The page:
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European Union (Withdrawal) Bill - Report (6th Day)

Part of the debate – in the House of Lords at 3:45 pm on 8th May 2018.

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Photo of Lord Callanan Lord Callanan Minister of State (Department for Exiting the European Union) 3:45 pm, 8th May 2018

We will come to that debate later.

Let me make it clear: if there is a role for any EU agency as part of the withdrawal agreement, it will be legislated for under the withdrawal agreement and implementation Bill which we are planning to introduce later in the year. The same principle applies to the future relationship which will, as necessary, be legislated for in due course.

The inclusion of this amendment would make this position less clear than it is at the moment. It may also create an odd presumption that, since the Bill does not prevent the amendment’s intended effect being achieved, the specific inclusion of the new clause would mean that the UK will seek to mirror the laws of the EU after our departure or to continue its current participation in EU agencies. That may not be the right reverend Prelate’s intention, but the amendment could be read as going even further and attempting to save, or partially save, the European Communities Act for the purposes of mirroring changes in EU law after exit. If that is the case, it could be seen as allowing a wide discretionary power to keep pace with EU law. This would also be a wholly inappropriate approach when we do not yet know the outcome of the negotiations.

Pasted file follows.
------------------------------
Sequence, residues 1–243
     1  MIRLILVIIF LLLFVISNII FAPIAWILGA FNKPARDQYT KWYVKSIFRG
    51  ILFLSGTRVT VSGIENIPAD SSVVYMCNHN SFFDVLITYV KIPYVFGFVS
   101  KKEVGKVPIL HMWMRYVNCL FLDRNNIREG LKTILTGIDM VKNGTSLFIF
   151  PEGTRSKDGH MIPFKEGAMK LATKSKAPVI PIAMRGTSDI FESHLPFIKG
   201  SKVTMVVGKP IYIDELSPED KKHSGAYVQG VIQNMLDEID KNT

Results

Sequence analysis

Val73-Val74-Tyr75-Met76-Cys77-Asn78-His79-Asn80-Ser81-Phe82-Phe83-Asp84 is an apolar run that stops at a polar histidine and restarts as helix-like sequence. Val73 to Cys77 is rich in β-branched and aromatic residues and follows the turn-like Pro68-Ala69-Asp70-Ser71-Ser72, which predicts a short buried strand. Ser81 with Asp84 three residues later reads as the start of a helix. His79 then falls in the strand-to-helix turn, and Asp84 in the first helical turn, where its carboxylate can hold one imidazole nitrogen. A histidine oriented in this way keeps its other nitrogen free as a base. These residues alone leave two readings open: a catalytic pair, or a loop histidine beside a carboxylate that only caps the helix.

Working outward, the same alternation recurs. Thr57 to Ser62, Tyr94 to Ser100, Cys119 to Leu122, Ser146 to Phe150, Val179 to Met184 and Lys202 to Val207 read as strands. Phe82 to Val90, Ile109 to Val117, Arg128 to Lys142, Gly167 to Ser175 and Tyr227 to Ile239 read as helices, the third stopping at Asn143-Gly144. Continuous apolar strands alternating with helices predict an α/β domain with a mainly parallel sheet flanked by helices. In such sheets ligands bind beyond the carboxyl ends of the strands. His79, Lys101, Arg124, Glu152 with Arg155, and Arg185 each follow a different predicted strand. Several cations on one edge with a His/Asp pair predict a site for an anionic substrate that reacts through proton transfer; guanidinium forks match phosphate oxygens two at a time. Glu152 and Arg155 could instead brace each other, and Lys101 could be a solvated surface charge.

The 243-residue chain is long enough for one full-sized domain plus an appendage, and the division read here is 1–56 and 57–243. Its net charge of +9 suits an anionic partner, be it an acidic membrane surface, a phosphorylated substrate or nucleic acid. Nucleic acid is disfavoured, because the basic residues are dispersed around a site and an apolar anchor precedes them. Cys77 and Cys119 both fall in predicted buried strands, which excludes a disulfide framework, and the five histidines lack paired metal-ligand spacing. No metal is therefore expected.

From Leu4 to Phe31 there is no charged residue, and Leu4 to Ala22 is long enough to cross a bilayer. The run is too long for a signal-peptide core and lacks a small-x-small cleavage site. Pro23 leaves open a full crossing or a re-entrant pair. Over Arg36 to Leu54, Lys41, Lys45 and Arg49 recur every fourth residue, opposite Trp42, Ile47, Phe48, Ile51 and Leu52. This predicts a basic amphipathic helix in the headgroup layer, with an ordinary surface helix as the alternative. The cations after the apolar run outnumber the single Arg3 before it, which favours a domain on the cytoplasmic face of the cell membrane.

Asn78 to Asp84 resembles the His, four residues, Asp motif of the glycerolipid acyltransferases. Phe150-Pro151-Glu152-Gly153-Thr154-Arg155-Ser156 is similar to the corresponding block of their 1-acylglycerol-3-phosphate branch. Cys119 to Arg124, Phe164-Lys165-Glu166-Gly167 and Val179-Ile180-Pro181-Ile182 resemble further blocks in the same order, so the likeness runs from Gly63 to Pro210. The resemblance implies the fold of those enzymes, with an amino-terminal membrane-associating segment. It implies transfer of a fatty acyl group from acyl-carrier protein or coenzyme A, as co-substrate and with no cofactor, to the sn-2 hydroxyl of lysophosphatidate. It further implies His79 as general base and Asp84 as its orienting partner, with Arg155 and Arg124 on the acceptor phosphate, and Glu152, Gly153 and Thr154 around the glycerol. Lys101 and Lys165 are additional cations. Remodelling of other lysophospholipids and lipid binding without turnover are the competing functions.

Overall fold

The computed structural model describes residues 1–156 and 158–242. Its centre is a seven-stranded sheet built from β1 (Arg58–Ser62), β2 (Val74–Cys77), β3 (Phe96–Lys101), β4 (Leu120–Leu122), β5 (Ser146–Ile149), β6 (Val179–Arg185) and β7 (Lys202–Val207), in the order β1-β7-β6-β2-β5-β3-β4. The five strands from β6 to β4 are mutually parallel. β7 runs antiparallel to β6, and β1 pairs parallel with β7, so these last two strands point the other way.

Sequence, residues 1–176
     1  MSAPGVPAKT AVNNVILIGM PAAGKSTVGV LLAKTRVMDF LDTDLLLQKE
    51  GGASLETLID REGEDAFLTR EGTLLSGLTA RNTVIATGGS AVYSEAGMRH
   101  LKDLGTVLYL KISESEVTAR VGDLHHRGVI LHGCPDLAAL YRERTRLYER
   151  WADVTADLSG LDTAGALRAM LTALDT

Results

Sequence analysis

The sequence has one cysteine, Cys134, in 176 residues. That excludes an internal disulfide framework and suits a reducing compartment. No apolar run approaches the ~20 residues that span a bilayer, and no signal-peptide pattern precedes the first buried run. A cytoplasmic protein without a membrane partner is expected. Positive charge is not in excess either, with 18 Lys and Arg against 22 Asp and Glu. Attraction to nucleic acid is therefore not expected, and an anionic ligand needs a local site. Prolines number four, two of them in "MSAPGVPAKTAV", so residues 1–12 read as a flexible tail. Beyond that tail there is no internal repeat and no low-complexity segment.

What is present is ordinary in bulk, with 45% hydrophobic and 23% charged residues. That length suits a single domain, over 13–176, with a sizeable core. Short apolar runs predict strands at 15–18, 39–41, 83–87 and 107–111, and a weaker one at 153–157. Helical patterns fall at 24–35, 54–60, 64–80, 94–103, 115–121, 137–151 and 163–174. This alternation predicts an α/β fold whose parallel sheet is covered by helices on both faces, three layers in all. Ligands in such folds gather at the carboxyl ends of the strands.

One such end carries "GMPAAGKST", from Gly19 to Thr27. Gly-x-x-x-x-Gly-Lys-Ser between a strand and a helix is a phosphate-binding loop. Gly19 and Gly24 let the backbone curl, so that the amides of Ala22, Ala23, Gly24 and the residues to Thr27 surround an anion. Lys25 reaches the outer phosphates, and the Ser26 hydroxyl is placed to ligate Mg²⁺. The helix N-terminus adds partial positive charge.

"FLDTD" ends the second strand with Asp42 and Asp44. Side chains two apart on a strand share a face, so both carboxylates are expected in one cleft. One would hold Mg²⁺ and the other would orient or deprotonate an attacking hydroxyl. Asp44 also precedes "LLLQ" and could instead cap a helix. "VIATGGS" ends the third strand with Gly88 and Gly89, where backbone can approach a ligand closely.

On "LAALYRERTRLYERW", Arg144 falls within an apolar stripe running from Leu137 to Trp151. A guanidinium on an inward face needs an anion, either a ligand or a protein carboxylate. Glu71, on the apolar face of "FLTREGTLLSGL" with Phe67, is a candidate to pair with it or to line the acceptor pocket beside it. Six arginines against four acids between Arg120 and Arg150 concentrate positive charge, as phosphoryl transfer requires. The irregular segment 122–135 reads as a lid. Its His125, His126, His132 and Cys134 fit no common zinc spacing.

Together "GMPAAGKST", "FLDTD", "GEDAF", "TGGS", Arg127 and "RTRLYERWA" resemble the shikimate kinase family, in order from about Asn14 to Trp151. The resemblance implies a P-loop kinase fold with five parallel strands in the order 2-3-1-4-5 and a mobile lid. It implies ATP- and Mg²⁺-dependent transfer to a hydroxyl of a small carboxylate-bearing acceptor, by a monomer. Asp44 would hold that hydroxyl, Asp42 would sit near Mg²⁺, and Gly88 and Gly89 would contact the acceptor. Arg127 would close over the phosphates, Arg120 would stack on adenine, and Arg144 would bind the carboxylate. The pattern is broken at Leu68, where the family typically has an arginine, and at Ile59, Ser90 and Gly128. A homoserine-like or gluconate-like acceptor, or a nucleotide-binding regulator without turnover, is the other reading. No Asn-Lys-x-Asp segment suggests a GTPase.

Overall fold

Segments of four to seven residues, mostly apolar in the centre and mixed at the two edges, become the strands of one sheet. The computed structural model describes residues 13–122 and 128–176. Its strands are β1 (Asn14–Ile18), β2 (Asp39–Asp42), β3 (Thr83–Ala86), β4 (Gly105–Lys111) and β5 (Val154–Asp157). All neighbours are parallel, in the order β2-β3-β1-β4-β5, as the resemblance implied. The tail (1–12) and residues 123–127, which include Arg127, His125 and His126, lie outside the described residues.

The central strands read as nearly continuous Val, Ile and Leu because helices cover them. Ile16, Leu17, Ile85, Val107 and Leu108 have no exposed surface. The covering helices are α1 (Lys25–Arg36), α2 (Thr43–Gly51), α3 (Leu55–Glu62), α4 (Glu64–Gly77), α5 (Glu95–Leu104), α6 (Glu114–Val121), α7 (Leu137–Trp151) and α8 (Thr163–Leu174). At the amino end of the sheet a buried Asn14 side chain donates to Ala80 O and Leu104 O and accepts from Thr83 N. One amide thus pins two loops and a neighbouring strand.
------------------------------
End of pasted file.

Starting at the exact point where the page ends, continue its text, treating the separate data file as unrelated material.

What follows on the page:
As I have highlighted during our previous debates on the Bill, the UK has a long-standing tradition of ensuring that our rights and traditional liberties are protected domestically. The UK leads the world in many areas in setting and upholding high standards across our statute book; for example, in areas such as consumer protection, environmental standards and workers’ rights—a point well made by my noble friend Lord Baker. I believe that all Members of Parliament, in this House and in the other place, are invested in the continuation of this legacy. It is in Parliament that we are better able to address and legislate for the specific needs and ideas of the UK.

In our negotiations, we are seeking a deep and special partnership with the EU, and our relationship with its agencies and bodies is being evaluated on this basis. I assure the House that where there is a demonstrable national interest in pursuing a continued relationship with an agency or other EU body, the Government will carefully examine whether we should pursue this. In response to the questions raised by my noble friend Lady McIntosh, participation in the European Environment Agency is of course a matter for the negotiations, but if we do negotiate participation we will, of course, make the appropriate financial contribution.